FINDING
Taxpayer's protest is respectfully denied.
II. Sales/Use Tax–Barcode Equipment.
DISCUSSION
Taxpayer also protests regarding use tax assessed related to bar code equipment purchased from a vendor ("Company B "). Taxpayer states in its protest letter that a project was initiated "to replace its outdated inventory tracking system at approximately fifty plant locations" in the United States. Taxpayer states:
The project involved implementing bar code scanning equipment at each of the fifty locations. The new bar code scanning system would improve the accuracy of inventory tracking (raw materials & finished goods) while also improving the accuracy of order fulfillment and on time delivery of shipments to customers.
And further, Taxpayer states:
The [Indiana] facility was selected for several reasons. This plant has an IT resource that could receive, secure, configure and then ship the equipment to each facility. The [Indiana] facility also had a secured storage area that could accommodate four hundred bar coders and the ancillary equipment, such as batteries and cables.
The bar code units were then purchased and shipped to the [Indiana] facility for storage and configuration. Since the software was already installed in the bar coders, the [Indiana] IT specialist configured the equipment by programming each scanner for the facility they were to be shipped. The equipment was then run through a brief software configuration so it would talk to that site, and was then set up with an IP address and server. Once configured, the bar coding equipment was shipped to the other box plants throughout the country. As [the Indiana location] is the only box plant located in Indiana, no equipment was shipped to other locations within Indiana.
(Emphasis added).
Regarding use tax, IC § 6-2.5-3-2 states in relevant part:
(a) An excise tax, known as the use tax, is imposed on the storage, use, or consumption of tangible personal property in Indiana if the property was acquired in a retail transaction, regardless of the location of that transaction or of the retail merchant making that transaction.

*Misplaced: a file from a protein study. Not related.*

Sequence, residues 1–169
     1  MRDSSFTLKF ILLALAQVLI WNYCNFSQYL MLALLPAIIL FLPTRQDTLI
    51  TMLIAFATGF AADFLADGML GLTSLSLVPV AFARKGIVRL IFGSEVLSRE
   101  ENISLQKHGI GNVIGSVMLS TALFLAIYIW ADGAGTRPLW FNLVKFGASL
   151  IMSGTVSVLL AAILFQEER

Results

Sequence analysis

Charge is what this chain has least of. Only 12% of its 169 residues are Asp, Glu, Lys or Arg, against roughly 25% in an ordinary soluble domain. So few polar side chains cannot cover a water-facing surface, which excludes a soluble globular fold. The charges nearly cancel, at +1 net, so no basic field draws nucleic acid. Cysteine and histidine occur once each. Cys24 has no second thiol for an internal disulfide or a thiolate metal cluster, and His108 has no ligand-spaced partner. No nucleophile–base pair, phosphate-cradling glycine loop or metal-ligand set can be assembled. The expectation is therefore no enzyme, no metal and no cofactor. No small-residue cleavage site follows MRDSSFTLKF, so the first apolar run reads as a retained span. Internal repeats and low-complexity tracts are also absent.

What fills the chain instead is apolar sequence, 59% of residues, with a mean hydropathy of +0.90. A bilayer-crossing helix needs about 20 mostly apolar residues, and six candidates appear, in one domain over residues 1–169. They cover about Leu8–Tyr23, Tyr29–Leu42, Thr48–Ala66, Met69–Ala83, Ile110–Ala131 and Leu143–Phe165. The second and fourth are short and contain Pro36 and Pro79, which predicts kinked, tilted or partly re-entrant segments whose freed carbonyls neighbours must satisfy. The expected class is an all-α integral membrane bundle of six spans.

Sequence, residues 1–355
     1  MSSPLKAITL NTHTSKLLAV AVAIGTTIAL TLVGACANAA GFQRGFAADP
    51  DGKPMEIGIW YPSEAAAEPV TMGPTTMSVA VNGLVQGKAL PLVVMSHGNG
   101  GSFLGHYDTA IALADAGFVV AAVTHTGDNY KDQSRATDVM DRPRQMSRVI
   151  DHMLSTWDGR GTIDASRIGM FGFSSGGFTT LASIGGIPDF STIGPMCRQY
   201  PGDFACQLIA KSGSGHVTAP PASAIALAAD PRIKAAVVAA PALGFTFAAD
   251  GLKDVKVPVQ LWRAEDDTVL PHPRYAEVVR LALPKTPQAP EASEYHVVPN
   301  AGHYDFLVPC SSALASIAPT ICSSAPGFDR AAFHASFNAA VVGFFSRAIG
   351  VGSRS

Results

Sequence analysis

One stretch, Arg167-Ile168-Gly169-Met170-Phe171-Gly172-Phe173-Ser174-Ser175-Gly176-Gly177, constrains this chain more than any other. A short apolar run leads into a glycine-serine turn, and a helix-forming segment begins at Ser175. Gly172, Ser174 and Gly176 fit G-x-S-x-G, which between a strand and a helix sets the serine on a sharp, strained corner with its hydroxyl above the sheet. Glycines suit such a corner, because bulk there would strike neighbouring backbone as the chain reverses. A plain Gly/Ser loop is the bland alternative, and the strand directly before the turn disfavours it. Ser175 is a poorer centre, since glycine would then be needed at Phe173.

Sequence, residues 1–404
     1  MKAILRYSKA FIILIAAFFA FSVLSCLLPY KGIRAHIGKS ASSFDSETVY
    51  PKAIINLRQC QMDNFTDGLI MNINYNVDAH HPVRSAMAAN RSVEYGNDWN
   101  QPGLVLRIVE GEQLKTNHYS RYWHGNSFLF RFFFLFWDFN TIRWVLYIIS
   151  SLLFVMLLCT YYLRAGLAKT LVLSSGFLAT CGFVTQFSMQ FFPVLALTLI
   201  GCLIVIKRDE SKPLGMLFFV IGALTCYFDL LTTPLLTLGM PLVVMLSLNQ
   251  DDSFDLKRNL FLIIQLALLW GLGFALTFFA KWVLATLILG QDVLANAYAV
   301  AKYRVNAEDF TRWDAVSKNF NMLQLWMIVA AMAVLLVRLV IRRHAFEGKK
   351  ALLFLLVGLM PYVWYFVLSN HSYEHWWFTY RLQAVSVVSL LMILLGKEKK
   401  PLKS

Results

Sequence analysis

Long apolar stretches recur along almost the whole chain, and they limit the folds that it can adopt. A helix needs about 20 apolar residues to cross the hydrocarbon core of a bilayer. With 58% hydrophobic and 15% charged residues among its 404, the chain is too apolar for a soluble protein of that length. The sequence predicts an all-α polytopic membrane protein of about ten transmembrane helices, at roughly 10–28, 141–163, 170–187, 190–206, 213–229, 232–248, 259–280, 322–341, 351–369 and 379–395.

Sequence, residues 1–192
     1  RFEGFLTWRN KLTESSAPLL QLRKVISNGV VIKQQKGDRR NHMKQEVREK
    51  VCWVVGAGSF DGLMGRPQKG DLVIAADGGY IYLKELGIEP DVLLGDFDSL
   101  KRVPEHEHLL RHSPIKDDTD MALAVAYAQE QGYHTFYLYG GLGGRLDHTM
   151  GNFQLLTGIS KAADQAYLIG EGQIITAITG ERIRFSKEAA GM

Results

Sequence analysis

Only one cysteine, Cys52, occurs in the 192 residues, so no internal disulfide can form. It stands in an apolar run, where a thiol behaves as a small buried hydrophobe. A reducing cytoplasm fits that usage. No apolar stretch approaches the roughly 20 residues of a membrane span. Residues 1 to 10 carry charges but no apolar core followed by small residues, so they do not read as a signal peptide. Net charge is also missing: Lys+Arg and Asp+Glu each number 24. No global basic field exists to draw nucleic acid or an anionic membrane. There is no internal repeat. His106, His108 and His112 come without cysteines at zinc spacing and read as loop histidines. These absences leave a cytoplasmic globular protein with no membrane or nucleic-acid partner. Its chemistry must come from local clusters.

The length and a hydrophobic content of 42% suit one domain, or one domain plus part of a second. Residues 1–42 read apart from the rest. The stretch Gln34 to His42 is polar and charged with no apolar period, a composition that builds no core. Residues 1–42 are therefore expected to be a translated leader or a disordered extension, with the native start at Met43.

(Emphasis added).
From Taxpayer's protest letter, the bar code equipment was stored in Indiana ("the [Indiana] facility... had a secured storage facility...."); the bar code equipment was also used in Indiana ("configured the equipment by programming each scanner," "run through a brief software configuration....").
Thus the only question is whether the bar code equipment is exempt under IC § 6-2.5-3-4, which states:
(a) The storage, use, and consumption of tangible personal property in Indiana is exempt from the use tax if:
(1) the property was acquired in a retail transaction in Indiana and the state gross retail tax has been paid on the acquisition of that property; or
(2) the property was acquired in a transaction that is wholly or partially exempt from the state gross retail tax under any part of IC 6-2.5-5, except IC 6-2.5-5-24(b), and the property is being used, stored, or consumed for the purpose for which it was exempted.
(b) If a person issues a state gross retail or use tax exemption certificate for the acquisition of tangible personal property and subsequently uses, stores, or consumes that property for a nonexempt purpose, then the person shall pay the use tax.
However, Taxpayer, in its protest letter, does not cite to any statute, regulation or court case in support of its position. As previously noted, Taxpayer bears the burden of proof under IC § 6-8.1-5-1(c). In the present case, Taxpayer has not established that the bar coding equipment is exempt under IC § 6-2.5-3-4. And, as the Audit Report stated, the bar coding equipment is taxable under 45 IAC 2.2-5-8(j), which states: "Machinery, tools, and equipment used in managerial sales, research, and development, or other non-operational activities, are not directly used in manufacturing and, therefore, are subject to tax."
FINDING
Taxpayer's protest is respectfully denied.
SUMMARY
Taxpayer's protest of the lighting equipment and the bar coding equipment is denied.

Posted: 12/28/2011 by Legislative Services Agency

DIN: 20111228-IR-045110755NRA
Composed: Aug 01,2014 2:03:13AM EDT
A PDF version of this document.